Love, Sex

It's More Than BDSM! The REAL Fantasy Behind 50 Shades Of Grey


The intercultural phenomenon known as Fifty Shades of Grey has taken the literary world by storm. Many disagree on the reasons why. Some praise the books' illustrations of libertine feminine sexuality embodied by a strong female lead. Others place the book on a spectrum that begins with abusive perversion and ends at poorly written mommy-smut. 

There are innumerable books within the genre of erotic romance that dabble in whips and chains. If you browse the book aisle of any major supermarket, you will discover more six pack abs and grey-blue eyes than generic headache medicines.

How did this book, which most critics argue (publicly anyway) is sub-par quality prose, captivate so many readers, most of whom are women? Some argue that the book leverages typical female stereotypes or reveals secret female fantasies.

For example, Dr. Tammy Nelson, counselor and therapist, argues that women loved this book because Christian Grey's borderline dangerous jealousy adds to the fantasy and the mystery, which cultivates an irresistible sexual tension. Exchange, however, Grey's chiseled physique for a beer belly and instead of a fantasy, you have a restraining order.  

Others argue that it is not Grey's physique, but his impeccable masculine control that readers find appealing. He is a study in discipline, having achieved a mass amount of success at a remarkably young age. If this is case, where are all the Mark Zuckerberg-inspired fantasies? From a relationship perspective, I wonder if the explanation is more subtle, one to which both women and men can relate.

Author and relationship expert David Schnarch describes committed relationships like a house, of which, sex is a window.  If this is the case, what secrets would we discover if we cracked open the window on Christian Grey and Anastasia Steele?

The obvious start seems to be with Grey's obsession. He has tunnel vision, and at the end of that tunnel is Steele, who could potentially be any woman holding the book. She is innocent, flawed, and just ordinary enough to be real.

Grey, by contrast possesses adonis-like qualities that Anastasia believes should place him quite firmly out of her reach. Christian's fixation with Anastasia may help explain why this story appealed to a largely female audience. His desire for her never dries up, even when it seems that they are over.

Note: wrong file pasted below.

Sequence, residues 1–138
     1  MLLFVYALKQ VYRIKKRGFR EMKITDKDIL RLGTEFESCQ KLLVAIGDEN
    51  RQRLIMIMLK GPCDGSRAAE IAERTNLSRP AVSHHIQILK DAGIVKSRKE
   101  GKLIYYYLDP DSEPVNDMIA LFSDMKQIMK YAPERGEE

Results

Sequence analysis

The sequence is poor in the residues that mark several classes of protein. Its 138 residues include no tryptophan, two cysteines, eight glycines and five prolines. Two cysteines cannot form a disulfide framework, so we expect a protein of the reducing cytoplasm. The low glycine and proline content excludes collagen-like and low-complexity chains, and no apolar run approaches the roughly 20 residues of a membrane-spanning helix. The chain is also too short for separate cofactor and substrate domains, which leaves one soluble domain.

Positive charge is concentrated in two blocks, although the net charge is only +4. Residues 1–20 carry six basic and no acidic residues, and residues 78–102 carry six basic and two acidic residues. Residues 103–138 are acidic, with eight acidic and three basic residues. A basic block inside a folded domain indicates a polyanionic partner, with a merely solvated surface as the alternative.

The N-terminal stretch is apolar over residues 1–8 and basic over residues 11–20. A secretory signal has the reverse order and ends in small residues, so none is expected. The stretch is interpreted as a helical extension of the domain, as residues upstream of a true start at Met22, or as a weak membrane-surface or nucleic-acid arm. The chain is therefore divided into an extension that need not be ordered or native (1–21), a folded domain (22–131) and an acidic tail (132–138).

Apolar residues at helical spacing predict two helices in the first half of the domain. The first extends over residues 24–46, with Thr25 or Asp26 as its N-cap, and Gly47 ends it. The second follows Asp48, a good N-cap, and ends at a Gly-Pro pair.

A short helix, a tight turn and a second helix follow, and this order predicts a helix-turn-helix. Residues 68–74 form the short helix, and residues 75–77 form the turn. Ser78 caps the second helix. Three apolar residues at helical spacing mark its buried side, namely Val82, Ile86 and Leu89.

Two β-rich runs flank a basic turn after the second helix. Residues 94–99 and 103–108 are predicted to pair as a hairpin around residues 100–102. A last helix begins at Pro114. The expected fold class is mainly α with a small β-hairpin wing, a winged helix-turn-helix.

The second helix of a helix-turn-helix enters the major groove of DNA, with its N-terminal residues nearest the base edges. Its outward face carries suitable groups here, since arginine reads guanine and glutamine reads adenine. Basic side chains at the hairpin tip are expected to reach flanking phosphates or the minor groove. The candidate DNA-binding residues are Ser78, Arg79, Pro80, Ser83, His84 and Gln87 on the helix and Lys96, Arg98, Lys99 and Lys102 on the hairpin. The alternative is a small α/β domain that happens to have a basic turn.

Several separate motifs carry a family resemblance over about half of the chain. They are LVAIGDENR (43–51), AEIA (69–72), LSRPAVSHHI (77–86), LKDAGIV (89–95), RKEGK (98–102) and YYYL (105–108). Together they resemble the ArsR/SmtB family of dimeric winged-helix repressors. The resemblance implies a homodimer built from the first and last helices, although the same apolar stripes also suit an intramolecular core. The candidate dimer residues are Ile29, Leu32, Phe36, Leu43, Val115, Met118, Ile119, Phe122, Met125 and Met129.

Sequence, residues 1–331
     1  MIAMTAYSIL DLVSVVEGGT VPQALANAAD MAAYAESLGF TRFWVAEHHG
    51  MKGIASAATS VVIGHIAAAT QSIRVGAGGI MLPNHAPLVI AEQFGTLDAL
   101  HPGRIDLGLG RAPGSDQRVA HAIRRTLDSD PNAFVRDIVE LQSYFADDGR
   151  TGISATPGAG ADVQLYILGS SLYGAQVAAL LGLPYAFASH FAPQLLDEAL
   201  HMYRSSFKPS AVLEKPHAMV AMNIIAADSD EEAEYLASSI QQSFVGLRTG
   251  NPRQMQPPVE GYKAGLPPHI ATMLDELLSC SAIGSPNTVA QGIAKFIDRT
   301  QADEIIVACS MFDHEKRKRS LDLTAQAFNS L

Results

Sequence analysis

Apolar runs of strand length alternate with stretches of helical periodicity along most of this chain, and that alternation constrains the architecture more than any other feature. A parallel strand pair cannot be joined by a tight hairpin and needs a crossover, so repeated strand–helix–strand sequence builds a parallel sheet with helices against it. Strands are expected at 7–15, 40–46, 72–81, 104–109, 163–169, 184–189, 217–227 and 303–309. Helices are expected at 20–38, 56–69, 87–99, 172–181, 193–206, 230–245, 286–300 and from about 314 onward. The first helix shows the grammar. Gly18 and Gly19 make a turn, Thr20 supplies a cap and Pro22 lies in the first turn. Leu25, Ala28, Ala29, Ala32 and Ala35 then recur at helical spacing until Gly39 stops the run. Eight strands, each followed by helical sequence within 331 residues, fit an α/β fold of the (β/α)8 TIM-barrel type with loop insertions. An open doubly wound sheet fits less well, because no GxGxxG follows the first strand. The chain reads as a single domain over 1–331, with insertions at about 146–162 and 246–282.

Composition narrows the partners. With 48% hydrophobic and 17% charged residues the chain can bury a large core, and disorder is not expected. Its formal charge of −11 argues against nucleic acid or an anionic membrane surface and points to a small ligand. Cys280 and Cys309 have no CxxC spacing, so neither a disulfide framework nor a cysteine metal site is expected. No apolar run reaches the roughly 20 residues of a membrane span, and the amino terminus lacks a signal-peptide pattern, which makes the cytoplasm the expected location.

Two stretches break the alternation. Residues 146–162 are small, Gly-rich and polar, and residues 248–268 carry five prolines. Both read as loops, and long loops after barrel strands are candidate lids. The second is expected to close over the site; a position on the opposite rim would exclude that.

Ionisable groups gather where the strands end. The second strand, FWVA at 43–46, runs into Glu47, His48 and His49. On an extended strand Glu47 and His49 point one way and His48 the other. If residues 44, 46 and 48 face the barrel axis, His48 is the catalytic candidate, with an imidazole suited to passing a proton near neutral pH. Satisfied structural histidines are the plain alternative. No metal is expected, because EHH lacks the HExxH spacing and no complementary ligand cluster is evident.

The sex scenes receive most of the story's attention, but they are only a distraction. Sex is the stage upon which Anastasia's quest for intimacy and desire is fulfilled. But even that is only half of the story. The real reason why this relationship captivated its audience is more fully explained by what Anastasia never had to do rather than anything Christian Grey did.

Readers connected with this book not because Grey was the perfect mix of devoted and dangerous. Perhaps the book attracted such a vast audience because so many people long to captivate someone like Anastasia did. What did she receive? Constant attention. Near obsessive devotion. Focused sexual energy.

She could always depend on his affection, his touch, his words, and his infatuation. What did Anastasia never have to do in order to maintain his perfectly-timed devotion? She never had to ask for it.

Not once did she have to seek his affection. Not once did she have to reach out to him and risk rejection. Not once did she have to be afraid that he would turn her away because he was tired or angry. She never had to demand that he listen to how her day went. She certainly never had to ask him to show her he wanted her.

Forget the elaborate sex scenes. Ignore the chiseled abs, the money, and the charm. Christian Grey is not the fantasy. The real fantasy is invulnerability, intimacy without risk.

Those of us who seek intimacy in our committed relationships often place our hearts behind walls and hope our partners have x-ray vision. Like Anastasia, we do not want to risk. We do not want to be afraid that our partners could reject us, especially if they have a habit of turning us away. So instead, we keep quiet.

We do not authentically discuss our needs and desires. We drop subtle hints or scream until our partners decide to buy the Christian Grey-inspired toolkit that comes with a user manual, all the while we forget that they are afraid too.

Never has a book so clearly captured the desire of intimate partners. We want to be wanted. We just don't want to have to ask for it.